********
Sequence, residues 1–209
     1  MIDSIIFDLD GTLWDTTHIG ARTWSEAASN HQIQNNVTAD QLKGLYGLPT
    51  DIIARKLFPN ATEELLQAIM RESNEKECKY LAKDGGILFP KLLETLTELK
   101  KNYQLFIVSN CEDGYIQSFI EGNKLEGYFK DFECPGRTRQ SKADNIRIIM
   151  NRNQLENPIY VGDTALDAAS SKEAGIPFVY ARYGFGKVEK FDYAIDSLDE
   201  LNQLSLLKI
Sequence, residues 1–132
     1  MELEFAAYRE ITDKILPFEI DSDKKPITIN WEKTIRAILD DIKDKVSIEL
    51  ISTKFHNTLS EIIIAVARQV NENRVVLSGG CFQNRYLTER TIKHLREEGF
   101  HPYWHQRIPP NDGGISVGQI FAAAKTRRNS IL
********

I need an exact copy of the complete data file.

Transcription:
Sequence, residues 1–209
     1  MIDSIIFDLD GTLWDTTHIG ARTWSEAASN HQIQNNVTAD QLKGLYGLPT
    51  DIIARKLFPN ATEELLQAIM RESNEKECKY LAKDGGILFP KLLETLTELK
   101  KNYQLFIVSN CEDGYIQSFI EGNKLEGYFK DFECPGRTRQ SKADNIRIIM
   151  NRNQLENPIY VGDTALDAAS SKEAGIPFVY ARYGFGKVEK FDYAIDSLDE
   201  LNQLSLLKI
Sequence, residues 1–132
     1  MELEFAAYRE ITDKILPFEI DSDKKPITIN WEKTIRAILD DIKDKVSIEL
    51  ISTKFHNTLS EIIIAVARQV NENRVVLSGG CFQNRYLTER TIKHLREEGF
   101  HPYWHQRIPP NDGGISVGQI FAAAKTRRNS IL